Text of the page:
(Society and Self, Critical Representations in Literature)

House of a Thousand Doors: Poems and Prose Pieces is a collection of fifty-nine poems and prose pieces. Meena Alexander’s poetry reflects her multicultural heritage and the tension it creates. The book is organized into three sections, the first and third sections serving as a synthesis for the wide variety of subject and theme treated in the body of the work. Many of the poems reflect the writer’s subjective response to her experience; many also project or create new experiences that underscore the importance of imagination as a lens through which to focus the inner life into poetry.

The title poem of House of a Thousand Doors uses the title metaphor to describe the variety of forces that operate on the persona: gender, heritage, language, experience, ideology, and the search for meaning. A complex array of images embody these forces in the book, reflecting the author’s sensitivity to their influence. Alexander uses her writing to integrate the diversity of her experience.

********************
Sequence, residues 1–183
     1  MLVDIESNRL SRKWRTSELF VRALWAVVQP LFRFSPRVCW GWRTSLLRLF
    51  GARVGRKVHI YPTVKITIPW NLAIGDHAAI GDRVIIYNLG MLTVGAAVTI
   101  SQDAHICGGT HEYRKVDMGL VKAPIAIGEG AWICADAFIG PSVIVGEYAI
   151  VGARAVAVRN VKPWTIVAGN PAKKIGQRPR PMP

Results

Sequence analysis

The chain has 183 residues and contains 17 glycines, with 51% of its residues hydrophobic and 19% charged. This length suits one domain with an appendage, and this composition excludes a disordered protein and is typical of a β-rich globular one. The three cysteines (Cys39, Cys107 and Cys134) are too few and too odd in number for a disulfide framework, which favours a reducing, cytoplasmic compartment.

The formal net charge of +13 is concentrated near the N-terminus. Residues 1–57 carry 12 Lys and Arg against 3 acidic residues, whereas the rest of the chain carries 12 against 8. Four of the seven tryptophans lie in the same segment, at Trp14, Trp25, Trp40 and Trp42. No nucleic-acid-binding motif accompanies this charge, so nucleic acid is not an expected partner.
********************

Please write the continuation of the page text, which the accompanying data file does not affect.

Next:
Dominating the persona’s early life is the figure of her grandmother, a powerful member of the family who learned to exercise some control over the many lines of force that affected her life. The mature awareness of the persona is imposed on the re-created memory of herself as a girl watching the figure of the grandmother kneel in turn before each of the thousand doors on a never-ending pilgrimage, “a poor forked thing” praying for the favor of...

(The entire section is 433 words.)


(Society and Self, Critical Representations in Literature)

Suggested Readings

Perry, John Oliver. Review of House of a Thousand Doors, by Meena Alexander. World Literature Today 63 (Winter, 1989): 163.

Rao, Susheela N. Review of Fault Lines, by Meena Alexander. World Literature Today 68 (Autumn, 1994): 883.